Sorry, don't agree with your reasoning. If either rig snap at the hook link swivel the fish is left with just the hook link and swivel so both equally safe. However, if the line is cut let's say 20 yards from the hook link swivel, on the heli rig the hook link swivel must travel the full length of the 20 yards before it loses the lead. In this case the eye of the swivel is small enough to easily jam and leave the fish towing the lead. Also as I said above it is more likely that anglers will use some kind of leader if they are targetting big fish because of the guillotine effect of the swivel on the main line.
With the running rig it is normal to use a large ring as the running piece and these now also have a lead clip built in. I will accept that the fish could be trailing 20 yards of line but, in all of my experience, the carp can usually rid themselves of hooks as long as those hooks aren't being held in place by any weight.
In a real situation snaps are more likely to happen during casting or playing fish or pulling for a break against a snag. In all of these cases the break should happen at the hook link swivel.

#14
zander1

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Thanks noknot.

I left the bead off as its less to get "trapped" on the rig :)

Moorsey, Is a leaderless heli not safer than a running rig with out a leader????

Think about it, if the running rig snaps, yes there will be no lead but there will be a length of mainline attached to the hooklink swivel... this could become snagged.
With the leaderless helicopter rig, if the line snaps the fish would just be left with a short hooklink that is a lot less likely to snag the fish up????
If the leaderless heli however tangles after it has snapped, the line left could snag up, but would be less likely to and is there for safer than a running rig :)

I haven't got enough experience behind me to say for sure ????????


Sorry, don't agree with your reasoning. If either rig snap at the hook link swivel the fish is left with just the hook link and swivel so both equally safe. However, if the line is cut let's say 20 yards from the hook link swivel, on the heli rig the hook link swivel must travel the full length of the 20 yards before it loses the lead. In this case the eye of the swivel is small enough to easily jam and leave the fish towing the lead. Also as I said above it is more likely that anglers will use some kind of leader if they are targetting big fish because of the guillotine effect of the swivel on the main line.
With the running rig it is normal to use a large ring as the running piece and these now also have a lead clip built in. I will accept that the fish could be trailing 20 yards of line but, in all of my experience, the carp can usually rid themselves of hooks as long as those hooks aren't being held in place by any weight.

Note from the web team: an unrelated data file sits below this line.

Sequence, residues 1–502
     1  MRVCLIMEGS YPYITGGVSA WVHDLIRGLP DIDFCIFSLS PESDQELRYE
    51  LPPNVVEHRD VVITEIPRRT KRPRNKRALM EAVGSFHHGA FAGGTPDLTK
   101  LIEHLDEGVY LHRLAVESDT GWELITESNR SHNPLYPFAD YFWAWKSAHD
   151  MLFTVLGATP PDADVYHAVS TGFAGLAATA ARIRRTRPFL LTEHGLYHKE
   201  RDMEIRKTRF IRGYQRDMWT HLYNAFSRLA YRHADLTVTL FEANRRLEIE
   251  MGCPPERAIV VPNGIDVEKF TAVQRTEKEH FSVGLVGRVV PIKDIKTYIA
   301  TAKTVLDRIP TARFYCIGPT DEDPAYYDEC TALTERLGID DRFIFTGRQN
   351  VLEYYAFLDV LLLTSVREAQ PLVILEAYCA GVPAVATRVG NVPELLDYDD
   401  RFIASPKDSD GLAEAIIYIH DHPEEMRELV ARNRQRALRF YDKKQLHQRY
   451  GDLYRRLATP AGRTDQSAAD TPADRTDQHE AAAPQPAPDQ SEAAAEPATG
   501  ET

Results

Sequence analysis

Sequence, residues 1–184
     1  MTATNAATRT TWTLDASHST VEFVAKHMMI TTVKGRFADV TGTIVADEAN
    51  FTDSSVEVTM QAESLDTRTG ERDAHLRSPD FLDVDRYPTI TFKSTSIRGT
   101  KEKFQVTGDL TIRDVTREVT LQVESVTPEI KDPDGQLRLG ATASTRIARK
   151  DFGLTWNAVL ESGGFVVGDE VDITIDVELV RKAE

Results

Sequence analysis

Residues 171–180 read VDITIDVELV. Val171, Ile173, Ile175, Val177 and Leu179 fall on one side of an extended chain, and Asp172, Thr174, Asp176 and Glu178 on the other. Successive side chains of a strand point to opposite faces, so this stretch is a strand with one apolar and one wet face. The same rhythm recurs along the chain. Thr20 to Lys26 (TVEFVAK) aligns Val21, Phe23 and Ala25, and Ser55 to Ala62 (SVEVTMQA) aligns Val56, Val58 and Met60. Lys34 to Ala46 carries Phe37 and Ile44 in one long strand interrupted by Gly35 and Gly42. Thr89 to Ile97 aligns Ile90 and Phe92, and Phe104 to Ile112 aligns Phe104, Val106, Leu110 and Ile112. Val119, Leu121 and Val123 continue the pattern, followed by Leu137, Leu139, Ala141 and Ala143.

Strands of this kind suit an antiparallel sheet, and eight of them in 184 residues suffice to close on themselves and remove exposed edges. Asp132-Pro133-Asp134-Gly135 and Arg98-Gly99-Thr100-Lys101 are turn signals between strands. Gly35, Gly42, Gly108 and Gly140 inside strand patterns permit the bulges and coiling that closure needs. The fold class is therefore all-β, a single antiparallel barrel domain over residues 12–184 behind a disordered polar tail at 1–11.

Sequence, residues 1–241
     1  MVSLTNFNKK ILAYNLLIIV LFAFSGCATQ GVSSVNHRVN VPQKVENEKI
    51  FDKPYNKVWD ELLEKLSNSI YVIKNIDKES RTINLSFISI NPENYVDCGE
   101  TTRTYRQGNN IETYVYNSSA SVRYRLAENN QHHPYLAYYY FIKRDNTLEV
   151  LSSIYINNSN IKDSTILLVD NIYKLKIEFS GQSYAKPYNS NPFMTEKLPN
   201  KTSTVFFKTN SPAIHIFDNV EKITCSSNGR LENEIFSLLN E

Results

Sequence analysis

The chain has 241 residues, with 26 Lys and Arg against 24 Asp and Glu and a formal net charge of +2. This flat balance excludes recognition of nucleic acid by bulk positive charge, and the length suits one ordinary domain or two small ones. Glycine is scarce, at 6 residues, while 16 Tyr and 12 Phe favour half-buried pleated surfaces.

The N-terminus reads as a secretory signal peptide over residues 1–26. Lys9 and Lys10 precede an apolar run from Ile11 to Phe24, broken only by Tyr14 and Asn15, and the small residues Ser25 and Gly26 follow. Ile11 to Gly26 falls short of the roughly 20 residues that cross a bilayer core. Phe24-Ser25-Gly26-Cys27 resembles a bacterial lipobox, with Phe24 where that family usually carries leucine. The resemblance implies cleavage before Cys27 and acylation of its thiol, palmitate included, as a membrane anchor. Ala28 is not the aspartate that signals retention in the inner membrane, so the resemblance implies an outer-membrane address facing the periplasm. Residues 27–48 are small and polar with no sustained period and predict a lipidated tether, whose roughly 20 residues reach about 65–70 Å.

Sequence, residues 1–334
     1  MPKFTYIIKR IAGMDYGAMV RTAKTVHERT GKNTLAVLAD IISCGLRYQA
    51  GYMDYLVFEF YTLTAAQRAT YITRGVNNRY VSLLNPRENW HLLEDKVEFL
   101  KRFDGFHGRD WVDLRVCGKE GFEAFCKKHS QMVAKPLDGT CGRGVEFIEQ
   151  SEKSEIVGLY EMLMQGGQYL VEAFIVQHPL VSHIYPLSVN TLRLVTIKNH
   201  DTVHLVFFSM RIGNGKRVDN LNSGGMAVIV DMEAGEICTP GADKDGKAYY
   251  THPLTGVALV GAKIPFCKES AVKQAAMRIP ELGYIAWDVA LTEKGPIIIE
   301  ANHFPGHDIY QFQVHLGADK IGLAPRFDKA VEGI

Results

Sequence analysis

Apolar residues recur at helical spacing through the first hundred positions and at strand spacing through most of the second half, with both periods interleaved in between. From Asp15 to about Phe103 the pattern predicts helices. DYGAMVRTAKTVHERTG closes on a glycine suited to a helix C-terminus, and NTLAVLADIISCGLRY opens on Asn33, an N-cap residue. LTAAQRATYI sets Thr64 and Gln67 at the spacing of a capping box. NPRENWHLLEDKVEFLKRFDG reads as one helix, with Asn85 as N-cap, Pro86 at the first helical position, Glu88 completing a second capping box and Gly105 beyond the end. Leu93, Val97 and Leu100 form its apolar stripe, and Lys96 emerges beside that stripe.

In a real situation snaps are more likely to happen during casting or playing fish or pulling for a break against a snag. In all of these cases the break should happen at the hook link swivel.


Very good points Keith :)

So are we saying that both rigs are safe, however due to angler misuse or the loss of fish causing the angler to change to a leader, the heli setup is more dangerous????
The running rig setup is simpler in construction and harder to misuse as the leader will be less likely to be needed as ther cannot be a guillotine effect???
Perhaps a bead swivel could minimise the guillotine effect on the heli, coupled with a silicon sleeve to act as a buffer from the knot to the bead swivel as well as or a rubber bead??? Would this make the set up as safe or safer???

As for fish ejecting hooks, i was under the impression that the fish can use the weight of a lead to help eject the hook, where as the drag of trailing mainline in the water (say 20ft) would not be concentrated in one place to gain momentum (via the fish shaking its head etc) to throw the hook but rather keep the hook in place????

Im not saying that i am right by any means, im just trying to work out the benefits and disadvantages to each set up and to keep teh subject open to debate, This could be a very good thread indeed :)

#15
levigsp

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Use a lighter strain hook link than your mainline on a mainline helicopter set up, tie the lead to the botom of your mainline with a weak link so that if you get snagged whilst playing the fish, the lead will come off leaving you with the fish on the line and no lead. If your mainline snaps, the fish just has a rig in the mouth as there is nothing to stop the hooklink coming off the main line.